Fixed vs Variable Costs with Industry Examples

Consider the variable cost of a project that has been worked on for years. An employee’s hourly wages are a variable cost; however, that employee was promoted last year. The current variable cost will be higher than before; the average variable cost will remain something in between. The athletic company also won’t incur some types labor if it doesn’t produce more output.

That’s good news if your business is really starting to pick up, but you’re still finding it difficult to pay the bills. The company faces the risk of loss if it produces less than 20,000 units. However, anything above this has limitless potential for yielding benefit for the company. Therefore, leverage rewards the company not choosing variable costs as long as the company can produce enough output.

Whether fixed or variable insurance costs are better depends on each individual or business’s specific needs and circumstances. Fixed insurance costs may be a better option for businesses with a stable level of risk and predictable financial resources. Individuals who are risk-averse and like to budget their expenses in advance may also opt for fixed insurance costs.

  • The price of a new car has surged nearly 8% over the past year, while the cost of tires and auto parts have jumped more than 10%, government data shows.
  • The rise of electric vehicles has also contributed to the price spike, since insurance costs total about 28% more for electric vehicles than gas-powered ones, the report said.
  • By understanding what impacts the cost of your coverage, you can make smarter decisions about how to manage your insurance expenses.
  • MCS does not provide legal, tax, or investment recommendations or advice.

Along the manufacturing process, there are specific items that are usually variable costs. For the examples of these variable costs below, consider the manufacturing and distribution processes for a major athletic apparel producer. Equipment depreciation, utilities, property taxes, building insurance, and repairs and upkeep to the structure and machinery are all expenses. The next step is determining if the payment is due to direct material or direct labor. Workers’ compensation costs for the office employees are often significantly lower, and they do not depend on the number of units of output they have been producing in the plant.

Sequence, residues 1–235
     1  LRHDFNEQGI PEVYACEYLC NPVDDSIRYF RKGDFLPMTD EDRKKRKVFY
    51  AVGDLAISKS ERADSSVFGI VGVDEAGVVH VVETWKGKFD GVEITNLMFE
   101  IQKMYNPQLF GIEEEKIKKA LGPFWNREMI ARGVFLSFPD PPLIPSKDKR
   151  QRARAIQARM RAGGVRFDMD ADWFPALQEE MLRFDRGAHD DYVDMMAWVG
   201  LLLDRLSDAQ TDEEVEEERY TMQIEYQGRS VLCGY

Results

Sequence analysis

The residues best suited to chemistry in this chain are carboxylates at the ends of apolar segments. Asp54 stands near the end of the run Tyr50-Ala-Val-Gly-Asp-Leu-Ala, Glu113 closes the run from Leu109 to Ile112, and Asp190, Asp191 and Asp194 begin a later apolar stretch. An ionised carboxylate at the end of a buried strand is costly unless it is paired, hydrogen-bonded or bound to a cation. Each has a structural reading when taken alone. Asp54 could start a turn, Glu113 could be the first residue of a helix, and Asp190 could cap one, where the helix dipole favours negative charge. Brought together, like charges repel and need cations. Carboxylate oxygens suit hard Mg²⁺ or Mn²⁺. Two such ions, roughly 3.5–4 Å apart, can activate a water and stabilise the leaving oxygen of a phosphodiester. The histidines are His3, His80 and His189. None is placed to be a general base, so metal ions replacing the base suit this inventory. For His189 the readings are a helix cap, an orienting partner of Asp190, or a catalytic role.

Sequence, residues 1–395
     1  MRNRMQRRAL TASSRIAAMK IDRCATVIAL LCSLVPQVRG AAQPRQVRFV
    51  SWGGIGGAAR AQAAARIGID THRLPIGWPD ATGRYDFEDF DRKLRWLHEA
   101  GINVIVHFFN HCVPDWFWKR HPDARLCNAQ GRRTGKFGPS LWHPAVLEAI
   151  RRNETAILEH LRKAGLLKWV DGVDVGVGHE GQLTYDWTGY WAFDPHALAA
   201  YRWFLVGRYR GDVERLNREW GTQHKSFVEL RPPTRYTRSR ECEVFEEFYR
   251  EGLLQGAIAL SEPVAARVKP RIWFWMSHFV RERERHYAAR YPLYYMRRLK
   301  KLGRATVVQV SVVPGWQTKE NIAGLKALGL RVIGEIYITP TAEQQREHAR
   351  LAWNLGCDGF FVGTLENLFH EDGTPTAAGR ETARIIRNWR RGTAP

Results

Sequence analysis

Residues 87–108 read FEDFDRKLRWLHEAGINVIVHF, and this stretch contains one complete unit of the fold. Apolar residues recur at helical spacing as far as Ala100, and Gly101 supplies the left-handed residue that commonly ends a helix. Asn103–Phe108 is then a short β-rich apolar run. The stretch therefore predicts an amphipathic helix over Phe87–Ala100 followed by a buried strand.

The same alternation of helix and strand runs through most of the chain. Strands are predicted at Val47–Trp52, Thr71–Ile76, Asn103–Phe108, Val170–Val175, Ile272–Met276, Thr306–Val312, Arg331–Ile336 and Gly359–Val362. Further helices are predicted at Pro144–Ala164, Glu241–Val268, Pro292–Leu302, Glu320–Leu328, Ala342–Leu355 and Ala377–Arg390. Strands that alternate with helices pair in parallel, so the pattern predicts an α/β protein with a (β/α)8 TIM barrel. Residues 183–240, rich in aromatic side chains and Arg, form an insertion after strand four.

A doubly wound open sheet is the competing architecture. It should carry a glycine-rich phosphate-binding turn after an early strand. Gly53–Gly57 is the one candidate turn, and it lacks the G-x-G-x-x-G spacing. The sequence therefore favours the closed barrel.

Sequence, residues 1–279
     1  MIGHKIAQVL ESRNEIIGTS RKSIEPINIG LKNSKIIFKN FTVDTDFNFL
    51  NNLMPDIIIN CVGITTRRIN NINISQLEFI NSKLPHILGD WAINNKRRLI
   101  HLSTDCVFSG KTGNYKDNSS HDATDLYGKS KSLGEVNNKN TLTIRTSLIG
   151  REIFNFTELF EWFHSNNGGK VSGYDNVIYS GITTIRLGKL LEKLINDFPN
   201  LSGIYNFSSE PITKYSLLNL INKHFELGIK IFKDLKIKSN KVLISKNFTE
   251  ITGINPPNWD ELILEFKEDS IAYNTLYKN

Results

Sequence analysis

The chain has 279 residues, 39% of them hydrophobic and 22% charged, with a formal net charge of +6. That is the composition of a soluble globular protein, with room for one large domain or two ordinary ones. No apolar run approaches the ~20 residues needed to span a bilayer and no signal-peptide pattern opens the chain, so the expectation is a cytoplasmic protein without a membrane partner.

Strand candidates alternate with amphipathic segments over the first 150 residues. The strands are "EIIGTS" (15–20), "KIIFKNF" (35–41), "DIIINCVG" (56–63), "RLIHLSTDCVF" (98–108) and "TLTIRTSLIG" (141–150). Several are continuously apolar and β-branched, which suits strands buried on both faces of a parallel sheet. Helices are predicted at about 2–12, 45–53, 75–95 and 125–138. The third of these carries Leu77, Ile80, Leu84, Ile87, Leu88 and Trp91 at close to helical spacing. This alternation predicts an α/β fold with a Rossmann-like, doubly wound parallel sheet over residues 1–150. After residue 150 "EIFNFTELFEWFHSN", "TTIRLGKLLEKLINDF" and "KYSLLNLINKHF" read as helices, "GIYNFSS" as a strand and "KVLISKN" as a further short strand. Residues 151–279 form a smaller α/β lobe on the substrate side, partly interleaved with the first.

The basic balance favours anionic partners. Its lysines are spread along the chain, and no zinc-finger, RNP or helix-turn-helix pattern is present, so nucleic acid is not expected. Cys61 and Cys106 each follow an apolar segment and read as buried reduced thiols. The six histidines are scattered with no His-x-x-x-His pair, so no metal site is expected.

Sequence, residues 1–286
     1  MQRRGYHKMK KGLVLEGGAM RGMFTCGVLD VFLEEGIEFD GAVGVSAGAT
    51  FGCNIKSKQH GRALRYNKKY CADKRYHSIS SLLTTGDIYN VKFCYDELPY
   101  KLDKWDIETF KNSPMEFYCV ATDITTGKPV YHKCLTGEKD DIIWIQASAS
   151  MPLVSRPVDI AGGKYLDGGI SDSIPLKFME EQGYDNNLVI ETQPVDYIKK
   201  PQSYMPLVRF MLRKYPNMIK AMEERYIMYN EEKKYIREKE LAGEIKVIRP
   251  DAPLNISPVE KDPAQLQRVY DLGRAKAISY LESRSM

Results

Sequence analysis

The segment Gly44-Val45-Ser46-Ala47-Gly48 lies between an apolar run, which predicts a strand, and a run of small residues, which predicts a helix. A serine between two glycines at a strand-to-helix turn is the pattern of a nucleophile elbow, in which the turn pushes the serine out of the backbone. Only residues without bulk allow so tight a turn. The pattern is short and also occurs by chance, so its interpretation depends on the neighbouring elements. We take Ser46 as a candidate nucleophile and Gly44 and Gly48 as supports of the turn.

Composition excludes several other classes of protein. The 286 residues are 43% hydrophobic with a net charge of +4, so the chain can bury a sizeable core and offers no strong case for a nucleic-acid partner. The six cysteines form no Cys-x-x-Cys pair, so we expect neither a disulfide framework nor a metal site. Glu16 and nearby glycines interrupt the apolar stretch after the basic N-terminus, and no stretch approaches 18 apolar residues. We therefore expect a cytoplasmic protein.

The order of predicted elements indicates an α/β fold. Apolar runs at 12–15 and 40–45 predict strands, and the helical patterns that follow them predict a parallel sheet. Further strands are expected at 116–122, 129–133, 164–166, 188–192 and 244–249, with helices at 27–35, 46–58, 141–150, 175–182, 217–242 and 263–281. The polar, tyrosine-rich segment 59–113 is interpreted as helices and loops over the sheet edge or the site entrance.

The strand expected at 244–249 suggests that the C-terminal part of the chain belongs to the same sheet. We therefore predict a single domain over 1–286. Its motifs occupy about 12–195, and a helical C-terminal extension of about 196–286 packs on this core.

Fixed vs Variable Costs (with Industry Examples)

Variable costs can be challenging to manage as they can vary from month to month, increase or decrease quickly, and have a more direct impact on profit than fixed costs. First, it is important to know that $598,000 in manufacturing costs to produce 1,000,000 phone cases includes fixed costs such as insurance, equipment, building, and utilities. Therefore, we should use variable costing when determining whether to accept this special order.

He is a licensed broker of all lines including property, casualty, life, and health. As a licensed adjuster, he is well-versed in all aspects of insurance, and he owns All Needs Insurance agency in Florida. While not essential for fundamental necessities, certain recurring subscriptions might be a fixed item in your budget. Monthly fees for things like a gym membership or streaming services tend to be predictable. Take your career to the next level and join the growing community of agents who have found it very rewarding to work with AHCP.

A company that seeks to increase its profit by decreasing variable costs may need to cut down on fluctuating costs for raw materials, direct labor, and advertising. However, the cost cut should not affect product or service quality as this would have an adverse effect on sales. By reducing its variable costs, a business increases its gross profit margin or contribution margin. An example of variable expenses is the cost related to the number of products or services a firm produces.

Variable Costs vs. Fixed Costs: An Overview

In order to run its business, the company incurs $550,000 in rental fees for its factory space. For example, raw materials may cost $0.50 per pound for the first 1,000 pounds. However, orders of greater than 1,000 pounds of raw material are charged $0.48. In either situation, the variable cost is the charge for the raw materials (either $0.50 per pound or $0.48 per pound). Adam shares his breadth of experience by helping many businesses and individuals manage risk and protect themselves financially. He now shares this with the audience of the “Pro Insurance Info” website.

Example of a Variable Cost

There are still a few months remaining in your contract, so you’ll have to pay your set rent fees. Our example comes from a real-life small group client that currently offers a platinum plan to its employees. Some of those employees are covering their entire family on the plan, and the monthly premium is more than $3,000 per family. As you have seen, determining which costs are fixed and which are variable can be a bit tricky. Information about housing both on and off campus may be found at the UNMC housing website.